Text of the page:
Building knowledge, improving livelihoods
regional STREAM Initiative in Asia
“Far from disadvantaging the poor, small-scale aquaculture and fisheries form the mainstay of the livelihoods of millions of poor people across Asia Pacific”, says Graham Haylor Director of the regional STREAM Initiative. “The special role played by fish as an essential component of poor people’s diet and livelihoods has been almost ignored. So much so that planning, policy and support to this sector has been very limited.”
It is often assumed that poor people don’t have the technical knowledge to manage natural resources effectively. However, there is increasing evidence that the poor actually know a lot about managing their resources, and that this knowledge is undervalued or ignored.
“The problem is that there is little documentation of successful management. There are few opportunities for discussion between stakeholders and so awareness of successful practice is very low. Even when effective policies and ways of working have been developed, they are poorly shared around the region. There is a need to improve learning and communication on aquatic resource management”, says Dr Haylor.
Enter ‘STREAM’ - the ‘Support to Regional Aquatic Resources Management’ Initiative. ‘STREAM’ is a coalition of development partners including the Network of Aquaculture Centers for Asia Pacific (NACA), the Food and Agriculture Organization (FAO), Volunteer Services Overseas (VSO) and Department for International Development (DFID).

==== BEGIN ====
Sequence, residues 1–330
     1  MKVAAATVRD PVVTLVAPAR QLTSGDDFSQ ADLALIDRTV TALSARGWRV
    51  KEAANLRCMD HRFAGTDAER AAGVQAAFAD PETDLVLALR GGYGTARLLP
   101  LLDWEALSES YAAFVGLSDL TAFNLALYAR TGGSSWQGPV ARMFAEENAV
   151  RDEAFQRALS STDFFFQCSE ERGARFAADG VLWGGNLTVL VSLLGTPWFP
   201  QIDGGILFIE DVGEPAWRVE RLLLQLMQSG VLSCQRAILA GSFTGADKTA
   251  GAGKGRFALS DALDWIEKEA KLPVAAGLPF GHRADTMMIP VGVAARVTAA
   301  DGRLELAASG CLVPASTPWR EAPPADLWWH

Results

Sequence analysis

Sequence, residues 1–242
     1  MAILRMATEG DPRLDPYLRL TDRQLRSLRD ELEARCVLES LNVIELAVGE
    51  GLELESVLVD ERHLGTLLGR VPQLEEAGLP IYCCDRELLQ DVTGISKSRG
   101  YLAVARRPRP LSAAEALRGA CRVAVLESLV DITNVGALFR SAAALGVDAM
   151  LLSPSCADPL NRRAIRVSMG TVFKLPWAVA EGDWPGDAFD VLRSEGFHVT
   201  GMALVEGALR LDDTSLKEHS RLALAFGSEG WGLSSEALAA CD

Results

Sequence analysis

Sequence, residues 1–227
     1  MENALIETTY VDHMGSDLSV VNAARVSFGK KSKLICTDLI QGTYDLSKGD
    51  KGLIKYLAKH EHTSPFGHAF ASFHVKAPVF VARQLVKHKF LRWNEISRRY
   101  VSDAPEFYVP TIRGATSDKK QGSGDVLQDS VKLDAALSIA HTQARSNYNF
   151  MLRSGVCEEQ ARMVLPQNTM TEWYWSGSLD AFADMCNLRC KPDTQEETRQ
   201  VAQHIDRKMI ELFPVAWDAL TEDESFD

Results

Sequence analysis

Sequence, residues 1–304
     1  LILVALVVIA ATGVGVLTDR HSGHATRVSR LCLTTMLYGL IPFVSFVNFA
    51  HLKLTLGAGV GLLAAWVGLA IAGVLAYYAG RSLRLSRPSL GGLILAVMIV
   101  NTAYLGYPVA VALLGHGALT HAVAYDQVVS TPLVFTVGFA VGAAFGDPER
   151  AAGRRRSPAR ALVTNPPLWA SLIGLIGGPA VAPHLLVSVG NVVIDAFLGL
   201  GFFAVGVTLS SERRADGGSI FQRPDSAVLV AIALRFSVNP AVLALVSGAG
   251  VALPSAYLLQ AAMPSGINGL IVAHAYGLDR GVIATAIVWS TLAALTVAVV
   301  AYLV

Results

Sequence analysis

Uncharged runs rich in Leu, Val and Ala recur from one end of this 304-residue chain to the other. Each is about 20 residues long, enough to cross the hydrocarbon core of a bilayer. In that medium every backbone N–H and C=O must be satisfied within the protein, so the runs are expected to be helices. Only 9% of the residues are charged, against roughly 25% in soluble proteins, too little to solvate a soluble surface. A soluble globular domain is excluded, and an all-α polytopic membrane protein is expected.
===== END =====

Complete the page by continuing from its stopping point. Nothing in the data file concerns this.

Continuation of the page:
Dr Haylor says that the STREAM Initiative aims to identify aquatic resource management issues that affect the livelihoods of the poor. “It will monitor and evaluate different management approaches, extend knowledge and encourage networking between sectors and countries.”
STREAM will help with learning and communications to support agencies and institutions. This is intended to utilize existing information more effectively, better-understand poor people's livelihoods, and enable poor people to exert greater influence over policies and processes that impact on their lives.
FAO will assist fifteen Asian governments to participate in STREAM through its Technical Cooperation Programme. This will include provision of direct financial assistance and equipment as well as support to technical cooperation and field missions between participating countries.
For more information visit the STREAM Initiative website <www.streaminitiative.org> or contact Dr Graham Haylor firstname.lastname@example.org.